Controlling Exchange Active Sync Device access

2017-12-01T17:18:13+00:00 October 19th, 2010|Exchange|

Many of my customers use Exchange Active Sync (EAS) to provide user’s access to their mailboxes whilst they’re on the move, as someone who is field based it’s invaluable, alongside this device policies are generally implemented to enforce a PIN code, encrypt the data on the device etc…

The main issue with the above is generally any user with an exchange account can use EAS to connect to their mailbox, this may or may not be a problem dependant on your organisation, for example if you require encryption to be used on the mobile device and a user connects a device claiming to support encryption (but it doesn’t, no prizes for pointing out which manufacturer fell foul of this) then you potentially have sensitive data on an easily lost mobile device.

We have a number of options to control EAS access, firstly if you’re using a reverse proxy such as TMG and you’re pre-authenticating your users at TMG you can restrict access based on Windows group membership – only allowing those users who have been issued with corporate mobile devices.  That’s a good start, however it doesn’t stop a user who is granted access from connecting any device they like.  To get device based control you need to break out Exchange PowerShell and use the Set-CasMailbox, Set-ActiveSyncOrganizationSettings and New-ActiveSyncDeviceAccessRule commandlets. 

In this scenario I am going to change the default settings for the organisation to quarantine a new EAS device, notify the administrator and then create specific rules for users who require EAS access (much the same as you would configure a firewall, start with no access and then grant it as required).

 

Firstly to set the Organisation policy to  quarantine new devices and notify my two administrators, Bob and Dave:

Set-ActiveSyncOrganizationSettings -DefaultAccessLevel Quarantine -AdminMailRecipients bob@risual.com, dave@risual.com

Now when users connect using EAS to their mailbox they will not be permitted, as well as this they will receive and email from Exchange with the following subject:

“Your mobile phone is temporarily blocked from synchronizing with the server while permission to access is being verified.”

Our two administrators will also receive an email, with the following subject:

“The mobile phone that belongs to domainuser has been quarantined. Synchronization with the server via Exchange ActiveSync is blocked until you take action.”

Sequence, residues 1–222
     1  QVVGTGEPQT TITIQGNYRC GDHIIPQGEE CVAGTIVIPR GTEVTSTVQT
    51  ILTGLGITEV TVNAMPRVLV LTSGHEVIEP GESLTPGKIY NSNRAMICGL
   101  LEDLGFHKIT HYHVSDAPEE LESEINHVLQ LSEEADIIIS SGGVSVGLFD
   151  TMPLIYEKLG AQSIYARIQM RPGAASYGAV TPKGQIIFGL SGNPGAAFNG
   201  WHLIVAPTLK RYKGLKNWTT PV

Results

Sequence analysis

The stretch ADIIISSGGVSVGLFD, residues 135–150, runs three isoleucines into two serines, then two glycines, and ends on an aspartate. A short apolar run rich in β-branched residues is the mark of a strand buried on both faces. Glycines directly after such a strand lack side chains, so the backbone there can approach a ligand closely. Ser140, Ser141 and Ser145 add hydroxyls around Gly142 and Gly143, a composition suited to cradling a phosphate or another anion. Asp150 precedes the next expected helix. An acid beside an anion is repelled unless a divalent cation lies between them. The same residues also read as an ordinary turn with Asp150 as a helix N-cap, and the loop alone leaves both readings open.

In the body of this email the device ID of the EAS device which is trying to connect is listed, to allow our user to connect with that device the set-casmailbox commandlet should be used:

Set-CASMailbox –Identity user@domain.com –ActiveSyncAllowedDeviceIDs <deviceid from admin email>

Our user’s device will then be allowed to synchronise with Exchange and all will be well.  This is fine, except if you have 1000’s of users with devices, it quickly becomes very tedious for the Administrator, another solution is to allow access based on the Device Model and / or Device Type (for example your organisation probably issues largely the same devices to all users), this is achieved using the New-ActiveSyncDeviceAccessRule commandlet to allow all your specific devices, there are several way’s to find out what your device model / type is, in the email sent to a user informing them that their device cannot connect the body contains this information, another way is to use Get-ActiveSyncDeviceStatistics:

 

[PS] C:Windowssystem32>Get-ActiveSyncDeviceStatistics -Mailbox rob

RunspaceId                    : b30b569e-eee9-49a8-ac08-1a4a5ce3cc27

FirstSyncTime                 : 21/04/2010 08:58:08

LastPolicyUpdateTime          : 16/10/2010 18:12:05

LastSyncAttemptTime           : 19/10/2010 06:21:51

LastSuccessSync               : 19/10/2010 06:21:54

DeviceType                    : iPhone

DeviceID                      : Appl80917E29Y7H

DeviceUserAgent               : Apple-iPhone/704.11

DeviceWipeSentTime            :

DeviceWipeRequestTime         :

DeviceWipeAckTime             :

LastPingHeartbeat             : 600

RecoveryPassword              : ********

DeviceModel                   : iPhone

DeviceImei                    :

DeviceFriendlyName            :

DeviceOS                      :

DeviceOSLanguage              :

DevicePhoneNumber             :

MailboxLogReport              :

DeviceEnableOutboundSMS       : False

DeviceMobileOperator          :

Identity                      : robsdesk.com/Users/Rob Broughall/ExchangeActiveSyncDevices/iPhone§Appl80917E29Y7H

Guid                          : 48da4aee-6297-42e4-a0e0-55df40f7782a

IsRemoteWipeSupported         : True

Status                        : DeviceOk

StatusNote                    :

DeviceAccessState             : Allowed

DeviceAccessStateReason       : Global

DeviceAccessControlRule       :

DevicePolicyApplied           : Default

DevicePolicyApplicationStatus : AppliedInFull

LastDeviceWipeRequestor       :

DeviceActiveSyncVersion       : 14.0

NumberOfFoldersSynced         : 8

SyncStateUpgradeTime          :

As you can see in this example I have an iPhone conneected to my lab mailbox, the two fields that we’re interested in are device model and device type, you may have also noticed the DeviceID field, this is the same value which is used in my earlier example with set-casmailbox, another way of viewing the information is to use the Phone tab within ECP, you can drill down and view some of the information available in the above commandlet:

image

So to allow our device globally we use the New-ActiveSyncDeviceRule commandlet:

 

New-ActiveSyncDeviceRule –QueryString iPhone – Characteristic DeviceModel –AccessLevel Allow

This will create a rule allowing devices reporting their devicemodel as ‘iPhone’ to connect to Exchange using EAS.

Rob